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Reviews for Enlightenment Now

by Steven Pinker

Publishers Weekly
(c) Copyright PWxyz, LLC. All rights reserved

Harvard psychology professor Pinker (The Sense of Style) defends progressive ideals against contemporary critics, pundits, cantankerous philosophers, and populist politicians to demonstrate how far humanity has come since the Enlightenment. These ideals, as well as progress, science, reason, and humanism, are explored through the lenses of evolutionary biology, physics, sociology, anthropology, and, of course, history. Pinker explores the fallacies that critics of progressive ideals employ and presents graphs and statistics to demonstrate that issues such as income inequality, terrorism, and racial intolerance are not at the crisis levels the hysterical media commonly suggests. He astutely captures the deceptive techniques of the naysayers whose opinions alter those of the wider public, describing "the social critic's standard formula for sowing panic: Here's an anecdote, therefore it's a trend, therefore it's a crisis." In the book's final section, Pinker explores how political discourse exploits cognitive biases, exacerbating polarization and partisanship, and how humanism is a preferable ideology to its main rivals, theism and nationalism. In an era of increasingly "dystopian rhetoric," Pinker's sober, lucid, and meticulously researched vision of human progress is heartening and important. Agent: David Brockman, Brockman Inc. (Mar.) Copyright PWxyz, LLC. All rights reserved.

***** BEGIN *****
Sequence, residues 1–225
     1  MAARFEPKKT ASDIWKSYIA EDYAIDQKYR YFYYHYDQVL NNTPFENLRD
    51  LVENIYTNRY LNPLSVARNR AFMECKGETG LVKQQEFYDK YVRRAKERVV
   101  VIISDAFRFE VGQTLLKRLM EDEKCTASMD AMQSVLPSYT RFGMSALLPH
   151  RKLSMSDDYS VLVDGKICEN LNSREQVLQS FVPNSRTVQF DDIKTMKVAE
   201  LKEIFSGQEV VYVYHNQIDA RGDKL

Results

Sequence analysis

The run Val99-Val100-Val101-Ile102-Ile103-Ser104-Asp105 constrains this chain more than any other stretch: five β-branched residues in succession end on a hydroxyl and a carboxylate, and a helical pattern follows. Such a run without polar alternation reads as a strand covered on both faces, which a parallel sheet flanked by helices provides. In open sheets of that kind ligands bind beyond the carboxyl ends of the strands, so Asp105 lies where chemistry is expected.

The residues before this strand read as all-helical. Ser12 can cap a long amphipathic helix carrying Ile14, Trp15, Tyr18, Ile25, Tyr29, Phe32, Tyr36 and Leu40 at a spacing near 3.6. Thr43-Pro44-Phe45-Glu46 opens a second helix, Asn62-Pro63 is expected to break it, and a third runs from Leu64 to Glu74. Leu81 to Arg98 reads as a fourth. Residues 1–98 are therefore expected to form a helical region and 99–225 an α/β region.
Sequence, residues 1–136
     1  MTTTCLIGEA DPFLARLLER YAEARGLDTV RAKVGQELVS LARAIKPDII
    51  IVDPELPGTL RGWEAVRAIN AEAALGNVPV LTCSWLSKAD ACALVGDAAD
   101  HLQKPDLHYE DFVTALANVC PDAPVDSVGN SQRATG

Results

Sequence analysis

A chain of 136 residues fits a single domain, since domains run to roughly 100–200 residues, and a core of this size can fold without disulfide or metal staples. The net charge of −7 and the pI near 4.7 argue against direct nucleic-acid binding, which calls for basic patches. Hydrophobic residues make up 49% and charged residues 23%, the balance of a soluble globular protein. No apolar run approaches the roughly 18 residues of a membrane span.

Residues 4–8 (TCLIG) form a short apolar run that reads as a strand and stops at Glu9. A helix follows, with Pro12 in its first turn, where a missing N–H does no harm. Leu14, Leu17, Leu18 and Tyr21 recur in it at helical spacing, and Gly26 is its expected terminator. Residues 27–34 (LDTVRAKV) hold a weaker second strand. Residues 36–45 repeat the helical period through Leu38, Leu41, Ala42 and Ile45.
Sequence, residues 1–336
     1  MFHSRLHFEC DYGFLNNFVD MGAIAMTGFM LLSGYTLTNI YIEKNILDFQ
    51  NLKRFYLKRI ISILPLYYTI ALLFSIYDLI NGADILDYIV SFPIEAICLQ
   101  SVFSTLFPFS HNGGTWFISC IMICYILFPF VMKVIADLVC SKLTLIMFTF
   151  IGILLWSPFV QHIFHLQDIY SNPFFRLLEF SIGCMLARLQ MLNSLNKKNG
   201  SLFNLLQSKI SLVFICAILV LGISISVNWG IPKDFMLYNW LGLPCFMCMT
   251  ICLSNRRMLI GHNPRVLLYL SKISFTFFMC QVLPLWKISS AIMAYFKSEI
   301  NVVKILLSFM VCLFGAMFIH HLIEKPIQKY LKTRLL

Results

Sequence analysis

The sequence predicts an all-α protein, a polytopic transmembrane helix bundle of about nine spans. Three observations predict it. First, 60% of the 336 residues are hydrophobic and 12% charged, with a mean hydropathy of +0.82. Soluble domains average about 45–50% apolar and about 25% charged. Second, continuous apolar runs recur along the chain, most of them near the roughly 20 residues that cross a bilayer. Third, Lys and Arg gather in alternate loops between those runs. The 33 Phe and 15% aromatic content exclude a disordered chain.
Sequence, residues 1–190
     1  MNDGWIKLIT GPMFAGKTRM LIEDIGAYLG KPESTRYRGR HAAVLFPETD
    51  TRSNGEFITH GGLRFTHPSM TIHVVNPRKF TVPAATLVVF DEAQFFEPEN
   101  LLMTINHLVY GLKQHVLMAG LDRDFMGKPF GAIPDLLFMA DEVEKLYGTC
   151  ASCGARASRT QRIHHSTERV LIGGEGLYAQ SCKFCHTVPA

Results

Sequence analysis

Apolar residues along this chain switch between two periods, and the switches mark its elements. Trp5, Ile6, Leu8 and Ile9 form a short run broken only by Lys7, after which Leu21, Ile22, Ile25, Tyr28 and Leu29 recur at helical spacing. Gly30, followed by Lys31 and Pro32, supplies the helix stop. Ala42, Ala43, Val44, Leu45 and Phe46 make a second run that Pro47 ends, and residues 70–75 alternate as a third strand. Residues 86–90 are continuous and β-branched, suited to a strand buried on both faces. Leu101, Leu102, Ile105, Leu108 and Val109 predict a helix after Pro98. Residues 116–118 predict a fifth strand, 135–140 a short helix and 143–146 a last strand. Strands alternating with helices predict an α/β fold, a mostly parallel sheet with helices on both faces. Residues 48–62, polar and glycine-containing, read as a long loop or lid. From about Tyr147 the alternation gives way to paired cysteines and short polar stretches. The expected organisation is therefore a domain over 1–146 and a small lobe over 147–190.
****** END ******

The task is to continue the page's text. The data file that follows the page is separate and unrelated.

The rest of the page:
Book list
From Booklist, Copyright © American Library Association. Used with permission.

Prolific writer, psychologist, and public-intellectual Pinker (The Better Angels of Our Nature, 2011) is a highly regarded, albeit sometimes controversial, observer of humanity. In his latest tome, which weighs in at more than 500 densely packed pages, he takes on the idea of progress, elegantly arguing that in various ways humanity has every reason to be optimistic over life in the twenty-first century. Reaching back and forth in time with ease (he name checks the Hebrew Bible and Chris Rock within 2 pages while writing of sustenance), Pinker tackles a wide range of topics as he presents substantial evidence (including his trademark graphs) to argue that life is far better for people now than it has ever been. Some of these comparisons fall a bit flat obviously, traffic safety was less assured in the era before crosswalks and traffic lights and his seemingly casual dismissal of ethics concerns surrounding the Tuskegee experiment is troubling to say the least, but Pinker certainly crafts a defense of progress that will provoke deep thinking and thoughtful discourse among his many fans.--Mondor, Colleen Copyright 2018 Booklist

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